How To Plan For Your Return To Work? | A Q&A With Lauren Smith Brody

Lauren Brody headshot (credit Nancy Borowick) (1).jpeg

Lauren Smith Brody is the ally you want by your side when you re-enter your career as a mother.  When I first got wind of her book, The Fifth Trimester (just released in paperback yesterday!), I assumed we'd be wildly apart in our views. 

She's raised two sons while navigating fifteen plus years in publishing, most recently the executive editor of Glamour Magazine, before committing to author her book and take on the conversation of empowering women returning to the workforce.  Mother Untitled of course representing the group of ambitious women who choose to take a pause or make conscious shifts in their work to make room for motherhood.  But Lauren proved supportive of all choices and this community, reminding me on our first meeting that work in the home is work and that pauses are accepted and encouraged internationally with far superior maternity leaves.

Lauren is a welcome voice of reason and empathy offering practical advice and experienced advocacy for the new working mother both, in her book and in workplaces as a consultant, and I appreciate her mentorship here, interpreting her volumes of insight for the women in the shades of grey somewhere between full-time mother and working mother.  

You've made your mark on the return to the workplace with your book and business, The Fifth Trimester.  What were the key challenges you encountered in your own experience after two kids and then managing a staff of women at Glamour that you wanted to address?

So many! So many! Where do I begin...?

- finding good childcare that we could (barely) afford

- managing my emotions during postpartum anxiety

- having a boss who'd gone about her own maternity leave and reentry period differently than I wanted to

- missing some of my baby's early milestones

- not having grandparents close by

- squelching my control-freak tendencies and letting my husband help

- working in a field that often had workdays that stretched past midnight

- nursing and pumping (so hard, the worst -- and yet, the thing that helped me feel like I was doing something for my baby even when I was at work)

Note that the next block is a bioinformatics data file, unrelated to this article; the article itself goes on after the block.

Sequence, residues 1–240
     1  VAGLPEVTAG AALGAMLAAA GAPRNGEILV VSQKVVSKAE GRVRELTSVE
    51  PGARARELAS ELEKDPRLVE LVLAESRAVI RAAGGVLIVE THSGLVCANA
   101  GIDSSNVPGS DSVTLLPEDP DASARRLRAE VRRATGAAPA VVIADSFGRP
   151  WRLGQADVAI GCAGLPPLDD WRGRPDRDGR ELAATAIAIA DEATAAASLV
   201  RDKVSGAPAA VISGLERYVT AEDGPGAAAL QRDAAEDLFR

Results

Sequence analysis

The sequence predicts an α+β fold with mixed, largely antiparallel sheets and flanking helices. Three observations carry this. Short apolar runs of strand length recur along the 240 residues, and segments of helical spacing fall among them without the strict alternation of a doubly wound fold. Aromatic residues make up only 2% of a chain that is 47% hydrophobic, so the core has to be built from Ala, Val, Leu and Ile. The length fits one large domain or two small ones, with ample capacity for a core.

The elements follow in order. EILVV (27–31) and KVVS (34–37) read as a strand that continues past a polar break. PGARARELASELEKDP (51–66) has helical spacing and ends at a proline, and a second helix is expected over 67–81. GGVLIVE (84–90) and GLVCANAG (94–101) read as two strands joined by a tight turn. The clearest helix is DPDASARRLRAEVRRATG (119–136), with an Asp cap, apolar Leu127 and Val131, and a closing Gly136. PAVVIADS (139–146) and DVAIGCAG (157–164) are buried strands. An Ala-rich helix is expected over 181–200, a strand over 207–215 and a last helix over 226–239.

- the waxing and waning of my ambition

....and on and on!

And I knew -- even then -- how privileged my experience was. I had a truly supportive husband, an amazing nanny at home, a workplace that was full of other women who certainly didn't mind talking about boobs and babies. And yet, I was really uncomfortable with the whole transition. I knew I was good at my job, but I was unprepared for how much of a newbie I would feel...I was brand new at being a working mom. I really had to adjust my expectations of myself and get comfortable being open about this big identity shift I was going through. Like so many moms, I sought new meaning in my work after having my boys -- if I was going to be away from them, I wanted it to be for good reason. I was lucky to find that meaning in mentoring my colleagues, and that grew into my research for The Fifth Trimester. There had been so many resources available to me when I was pregnant, so many for the newborn phase (aka: the fourth trimester), but nothing for my return to work. As time ticked on and I muddled through, I realized that there was a whole additional fifth trimester -- a finite developmental phase -- only this one is for mom. In the US, most women are back at work before they are physically and emotionally ready to be there. There's this gap to hurdle. I didn't have all of the answers, so I decided to really research the problem and interview hundreds and hundreds of women who'd made it through the transition so we could learn from each other's successes and challenges. Together, these 800 women became the collective working mom mentor I wish I'd had.

Some women in the MU camp may eventually be returning to the workplace after an extended pause. What specific advice would you have for women preparing for that step?

First, know that getting through this incredible transition back to work -- no matter how long you've been away -- will ultimately set you up to be very proud of what you've accomplished. You will be able to handle almost any other life or career transition because you can look back and see what you accomplished in this moment. 

Second, know that everywhere else in the world, this would not be on you to solve. New parenthood is valued in every other culture in the industrialized world. When you have longer, paid parental leave, and quality childcare, you are much less likely to have had to [break] from the workforce. So, if you feel awkward at all upon your return, that's no reflection on you or your's a reflection on our larger society that might not have supported you back when you needed it. Thirty percent of professional women [leave] the workforce within a year of having a child. 

Third, you must really internalize the ways in which you are coming back to work MORE capable because of the time you've spent at home with your child. There is no more demanding boss than a baby. They teach you how to prioritize, how to be efficient, how to find meaning in your work, how to pivot on a dime when needed. All of that translates directly into the workplace.